Shinohara knows how to show a canvas who’s the boss. His wife Noriko knows how to do the same with
Shinohara. However, it was not always
thus. Their relationship has evolved
over the years. Zachary Heinzerling
documents the artists as they prepare for their first joint show in Cutie and the Boxer (trailer here), which opens this
Friday in New York.
Shinohara’s unique brand of abstract expressionism involves paint soaked boxing
gloves. One of the more cinematic
artists to watch at work, Shinohara created several of his boxing paintings
live in Park City when Cutie screened
at Sundance. He also has a considerable
body of sculpture work, but it is the painting for which he is best known. Alas, “known” is a relative term. Despite a burst of media attention when he
arrived in 1969, lasting success has eluded the boxer.
Shinohara in New York as a naïve art student, Noriko put her career on hold to
raise their son and to serve as her husband’s assistant. However, she is poised to eclipse his limited
renown with her autobiographical comic art, depicting the tempestuous
relationship of the often naked “Cutie” and her alcoholic husband
“Bullie.” “Ushi” is the Japanese word
for “bull,” but the name perhaps holds a double meaning here.
with the Shinoharas sounds much quieter now that he has sworn off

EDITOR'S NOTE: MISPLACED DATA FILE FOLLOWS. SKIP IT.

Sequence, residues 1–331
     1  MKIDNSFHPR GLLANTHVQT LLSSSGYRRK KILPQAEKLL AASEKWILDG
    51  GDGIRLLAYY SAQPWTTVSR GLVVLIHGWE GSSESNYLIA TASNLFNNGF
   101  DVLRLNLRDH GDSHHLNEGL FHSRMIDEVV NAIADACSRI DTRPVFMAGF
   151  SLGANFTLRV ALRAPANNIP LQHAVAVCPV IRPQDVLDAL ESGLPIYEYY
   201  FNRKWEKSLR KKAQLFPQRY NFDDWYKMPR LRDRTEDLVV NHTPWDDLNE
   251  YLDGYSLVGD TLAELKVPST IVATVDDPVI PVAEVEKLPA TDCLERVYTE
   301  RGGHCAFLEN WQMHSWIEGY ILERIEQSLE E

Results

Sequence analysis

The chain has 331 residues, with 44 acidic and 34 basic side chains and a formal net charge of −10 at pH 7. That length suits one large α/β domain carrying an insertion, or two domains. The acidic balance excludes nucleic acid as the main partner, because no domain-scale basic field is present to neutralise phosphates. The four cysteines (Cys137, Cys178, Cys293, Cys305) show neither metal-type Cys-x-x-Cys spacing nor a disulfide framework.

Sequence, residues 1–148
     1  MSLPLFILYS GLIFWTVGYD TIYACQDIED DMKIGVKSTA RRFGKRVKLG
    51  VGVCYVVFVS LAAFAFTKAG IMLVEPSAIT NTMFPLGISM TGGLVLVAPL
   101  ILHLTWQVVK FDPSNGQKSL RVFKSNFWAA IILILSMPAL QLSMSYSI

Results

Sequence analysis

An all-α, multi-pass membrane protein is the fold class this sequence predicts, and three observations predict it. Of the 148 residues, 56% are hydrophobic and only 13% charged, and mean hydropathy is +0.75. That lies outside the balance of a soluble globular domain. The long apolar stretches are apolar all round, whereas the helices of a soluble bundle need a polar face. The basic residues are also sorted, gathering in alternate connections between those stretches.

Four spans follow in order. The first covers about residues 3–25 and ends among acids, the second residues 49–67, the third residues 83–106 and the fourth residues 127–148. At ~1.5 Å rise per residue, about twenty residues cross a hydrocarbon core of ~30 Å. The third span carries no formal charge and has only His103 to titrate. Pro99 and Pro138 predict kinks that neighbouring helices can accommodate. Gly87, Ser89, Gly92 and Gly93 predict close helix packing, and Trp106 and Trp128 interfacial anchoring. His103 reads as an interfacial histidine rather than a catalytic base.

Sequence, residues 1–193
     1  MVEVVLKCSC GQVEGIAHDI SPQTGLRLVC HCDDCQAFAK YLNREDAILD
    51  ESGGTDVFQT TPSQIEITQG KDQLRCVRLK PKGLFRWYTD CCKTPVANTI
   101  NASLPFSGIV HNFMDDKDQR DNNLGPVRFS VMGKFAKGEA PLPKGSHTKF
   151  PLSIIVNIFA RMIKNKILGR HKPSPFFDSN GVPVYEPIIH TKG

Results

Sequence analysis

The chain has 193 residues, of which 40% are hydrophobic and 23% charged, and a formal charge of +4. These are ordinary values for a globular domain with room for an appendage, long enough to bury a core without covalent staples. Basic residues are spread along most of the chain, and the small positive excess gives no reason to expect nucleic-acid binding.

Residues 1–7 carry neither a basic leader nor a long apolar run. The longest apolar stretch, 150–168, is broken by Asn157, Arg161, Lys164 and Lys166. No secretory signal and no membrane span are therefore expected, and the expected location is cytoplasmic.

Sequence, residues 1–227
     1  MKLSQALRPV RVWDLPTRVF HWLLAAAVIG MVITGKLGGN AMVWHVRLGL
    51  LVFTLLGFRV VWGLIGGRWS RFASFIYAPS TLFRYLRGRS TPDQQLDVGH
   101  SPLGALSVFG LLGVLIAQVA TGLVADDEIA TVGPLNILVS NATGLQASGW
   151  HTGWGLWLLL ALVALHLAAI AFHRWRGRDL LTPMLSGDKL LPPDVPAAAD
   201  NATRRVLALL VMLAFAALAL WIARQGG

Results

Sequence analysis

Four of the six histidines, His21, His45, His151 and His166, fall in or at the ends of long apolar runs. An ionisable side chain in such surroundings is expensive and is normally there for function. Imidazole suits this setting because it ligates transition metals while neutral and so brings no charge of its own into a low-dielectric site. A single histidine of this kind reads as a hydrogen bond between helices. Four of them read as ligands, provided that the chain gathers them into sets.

drinking. Unfortunately, their adult son
seems to have picked up his father’s bad habits—a not uncommon phenomenon for
children of alcoholics. Their interfamily
dynamics are definitely complicated, but Heinzerling gives viewers enough
contextualization to pick up on most of it.
Shinohara’s working process is compulsively watchable. Noriko Shinohara’s work is interesting to
read and absorb. That gives Heinzerling
quite a bit material to shape into a film, particularly by the standards of
most quietly contemplative art docs.
Just Ushio Shinohara’s status as an eighty year old struggling artist
lends the film ample dramatic tension.
as his own cinematographer, Heinzerling gives C & B the straight forward observational doc treatment. However, the music of
experimental/jazz/classical composer and Bach interpreter Yasuaki Shimizu adds
a layer of aesthetic richness to the film, while sensitively accompanying the
on-screen action. Whether or not the
film will make Ushio Shinohara’s art more collectible, it should move quite a
few Shimizu CDs (or downloads).
& B examines the downside
of hipsterdom, but it has a strong element of hope that will surely resonate
with audiences. The Shinoharas keep
doggedly plugging away, remaining faithful to their artistic visions and each
other. Hopefully, Heinzerling’s film
will help spur wider recognition for them.
Recommended for patrons of art documentaries and contemporary Japanese
art, Cutie and the Boxer opens this
Friday (8/16) at the Landmark Sunshine.
Labels: Documentary, Noriko Shinohara, Ushio Shinohara